k y m a • t w e a k y — the kyma collective || view the current website || February 2015 Archive

/ WebHome / Sounds / Share.Linkwitz-ReillyDiscussion


Share Section



All Sections


Login / Register 
Change password
Forgot password?

Symbolic Sound

Kyma Forum
Eighth Nerve

TWiki Links

TWiki Formatting FAQ
What is TWiki?
%SESSION_ENDIF% twiki.org
The sound file Linkwitz-Reilly.kym contains perfect reconstruction filterbanks for 2,3,4, and 5 bands. Linkwitz-Reilly crossover filters are really nothing more than cascaded Butterworth filters, where each Butterworth section has an even number of poles. While the composite filters now have a crossover response that is down by 6 dB, instead of the usual 3 dB, the phase wrap from LPF to HPF is complementary, allowing for a zero-glitch crossover when both filters have the same gain.

However... when constructing more than a simple 2-band crossover, it becomes necessary to add in a compensating all-pass filter in the lower bands, one for each higher LPF/HPF pair of higher bands. So for example, the 3-band LW filter bank needs one APF in the low band; the 4-band LW filter bank needs 2 APF's in the lowest band, and one APF in the next lowest band, and so on.

By the time you reach the level of 5 bands in the filter bank, there are so many 2-pole or 4-pole sections that it almost becomes absurd to do this -- 38 IIR filters in each channel of audio (!!) 76 biquads if you insist on 8-pole filters (!!!) It almost makes more sense to use an FFT and have complete phase linearity at this level of complexity.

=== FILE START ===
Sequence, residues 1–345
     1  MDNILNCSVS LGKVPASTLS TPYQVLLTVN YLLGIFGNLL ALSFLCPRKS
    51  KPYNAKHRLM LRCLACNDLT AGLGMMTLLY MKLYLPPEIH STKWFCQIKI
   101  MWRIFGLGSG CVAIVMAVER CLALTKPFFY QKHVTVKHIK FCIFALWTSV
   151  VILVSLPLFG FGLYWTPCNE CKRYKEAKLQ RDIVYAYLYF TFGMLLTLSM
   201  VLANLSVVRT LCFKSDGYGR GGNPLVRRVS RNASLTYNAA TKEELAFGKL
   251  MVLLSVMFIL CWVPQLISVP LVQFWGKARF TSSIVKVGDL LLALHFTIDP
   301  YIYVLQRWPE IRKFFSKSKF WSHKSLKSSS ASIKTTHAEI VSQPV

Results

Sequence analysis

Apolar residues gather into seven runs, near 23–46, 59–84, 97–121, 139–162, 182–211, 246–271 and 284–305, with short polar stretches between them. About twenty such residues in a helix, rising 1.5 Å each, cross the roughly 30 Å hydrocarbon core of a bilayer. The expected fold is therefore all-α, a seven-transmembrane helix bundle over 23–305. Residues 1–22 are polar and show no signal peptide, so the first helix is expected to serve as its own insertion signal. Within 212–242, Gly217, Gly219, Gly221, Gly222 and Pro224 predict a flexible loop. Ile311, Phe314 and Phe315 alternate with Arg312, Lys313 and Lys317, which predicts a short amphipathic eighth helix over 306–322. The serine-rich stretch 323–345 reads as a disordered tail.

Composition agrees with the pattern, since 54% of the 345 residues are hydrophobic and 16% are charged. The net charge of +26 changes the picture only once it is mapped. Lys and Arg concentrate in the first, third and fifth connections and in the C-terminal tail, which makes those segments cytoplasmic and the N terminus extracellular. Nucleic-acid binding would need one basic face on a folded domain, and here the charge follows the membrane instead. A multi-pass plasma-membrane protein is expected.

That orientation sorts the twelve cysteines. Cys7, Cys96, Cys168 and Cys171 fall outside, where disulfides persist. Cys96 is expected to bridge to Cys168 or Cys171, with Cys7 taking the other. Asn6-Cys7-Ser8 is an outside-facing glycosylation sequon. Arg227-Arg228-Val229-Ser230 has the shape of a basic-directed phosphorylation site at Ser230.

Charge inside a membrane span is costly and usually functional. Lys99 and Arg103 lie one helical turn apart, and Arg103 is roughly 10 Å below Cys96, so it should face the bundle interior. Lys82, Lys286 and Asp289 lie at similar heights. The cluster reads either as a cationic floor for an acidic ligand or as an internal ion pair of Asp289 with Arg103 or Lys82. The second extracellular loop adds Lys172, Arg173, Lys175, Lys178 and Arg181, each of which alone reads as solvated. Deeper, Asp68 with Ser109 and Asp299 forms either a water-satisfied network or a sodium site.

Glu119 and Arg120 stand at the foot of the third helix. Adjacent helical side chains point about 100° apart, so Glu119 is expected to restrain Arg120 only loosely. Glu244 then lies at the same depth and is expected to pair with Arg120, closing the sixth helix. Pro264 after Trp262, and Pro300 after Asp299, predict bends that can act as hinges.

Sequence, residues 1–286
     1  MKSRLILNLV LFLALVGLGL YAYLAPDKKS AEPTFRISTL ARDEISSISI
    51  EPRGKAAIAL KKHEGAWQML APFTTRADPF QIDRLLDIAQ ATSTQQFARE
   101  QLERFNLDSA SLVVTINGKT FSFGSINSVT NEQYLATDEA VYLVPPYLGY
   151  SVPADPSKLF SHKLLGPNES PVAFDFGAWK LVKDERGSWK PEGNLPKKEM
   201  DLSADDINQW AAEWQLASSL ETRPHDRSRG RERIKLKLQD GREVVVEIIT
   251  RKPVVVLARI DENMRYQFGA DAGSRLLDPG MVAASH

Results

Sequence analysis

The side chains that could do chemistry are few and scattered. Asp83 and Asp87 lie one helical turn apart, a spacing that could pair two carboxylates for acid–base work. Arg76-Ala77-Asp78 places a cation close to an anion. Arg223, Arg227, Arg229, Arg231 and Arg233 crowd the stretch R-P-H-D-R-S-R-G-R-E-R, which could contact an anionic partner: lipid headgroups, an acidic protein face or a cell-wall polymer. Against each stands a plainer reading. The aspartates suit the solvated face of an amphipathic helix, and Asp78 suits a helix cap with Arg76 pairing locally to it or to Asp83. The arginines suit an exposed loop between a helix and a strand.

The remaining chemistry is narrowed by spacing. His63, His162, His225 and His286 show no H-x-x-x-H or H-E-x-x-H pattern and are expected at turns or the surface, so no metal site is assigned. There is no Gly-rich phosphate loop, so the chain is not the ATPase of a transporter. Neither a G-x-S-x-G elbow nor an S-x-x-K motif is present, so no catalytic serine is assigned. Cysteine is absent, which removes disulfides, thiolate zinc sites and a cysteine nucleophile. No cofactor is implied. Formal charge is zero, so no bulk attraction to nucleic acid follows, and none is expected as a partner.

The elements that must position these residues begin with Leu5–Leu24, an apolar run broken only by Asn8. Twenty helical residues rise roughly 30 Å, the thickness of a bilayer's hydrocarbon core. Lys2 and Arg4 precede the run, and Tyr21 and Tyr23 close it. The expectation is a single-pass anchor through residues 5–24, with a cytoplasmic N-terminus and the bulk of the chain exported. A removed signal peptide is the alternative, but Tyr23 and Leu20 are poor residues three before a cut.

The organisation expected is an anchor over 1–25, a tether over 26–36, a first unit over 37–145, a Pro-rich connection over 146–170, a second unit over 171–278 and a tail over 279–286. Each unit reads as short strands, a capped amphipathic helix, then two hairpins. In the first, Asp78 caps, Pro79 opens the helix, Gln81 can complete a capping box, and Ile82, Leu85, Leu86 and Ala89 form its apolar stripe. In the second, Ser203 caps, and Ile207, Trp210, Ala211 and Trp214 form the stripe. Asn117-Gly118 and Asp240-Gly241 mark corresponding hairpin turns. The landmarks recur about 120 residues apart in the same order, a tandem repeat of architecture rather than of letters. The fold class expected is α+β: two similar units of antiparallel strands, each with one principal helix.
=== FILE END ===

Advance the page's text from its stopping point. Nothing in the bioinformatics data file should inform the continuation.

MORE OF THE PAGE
However... in order to reach as low in frequency with an FFT as you can get with these IIR systems, you'd have a throughput delay of more than 300 ms and an FFT length at 48 kHz Fsamp of more than 16K samples. So there really is a place for these IIR beasts... The throughput delay with the 5-band filter bank is very low, measured with Smaart to be around 0.02 ms even at 8th order, which has a roll-off of nearly 50 dB/octave !!

Now... just because it is possible to create a perfect reconstructing crossover, doesn't necessarily mean that it makes sense to do so. Also included is a simple example sound called "3-dB Bump" which shows what happens if you just sum a 4-pole LPF with a 4-pole HPF. While not necessarily pretty, I doubt there are many recording venues that can offer a room that is as flat as even this... And if you can tolerate the bumps and dips, it becomes a whole lot cheaper to just add filters together and forego the beautiful Linkwitz-Reilly toplogy.

-- DavidMcClain - 12 Jan 2013

© 2003-2014 by the contributing authors. / You are TWikiGuest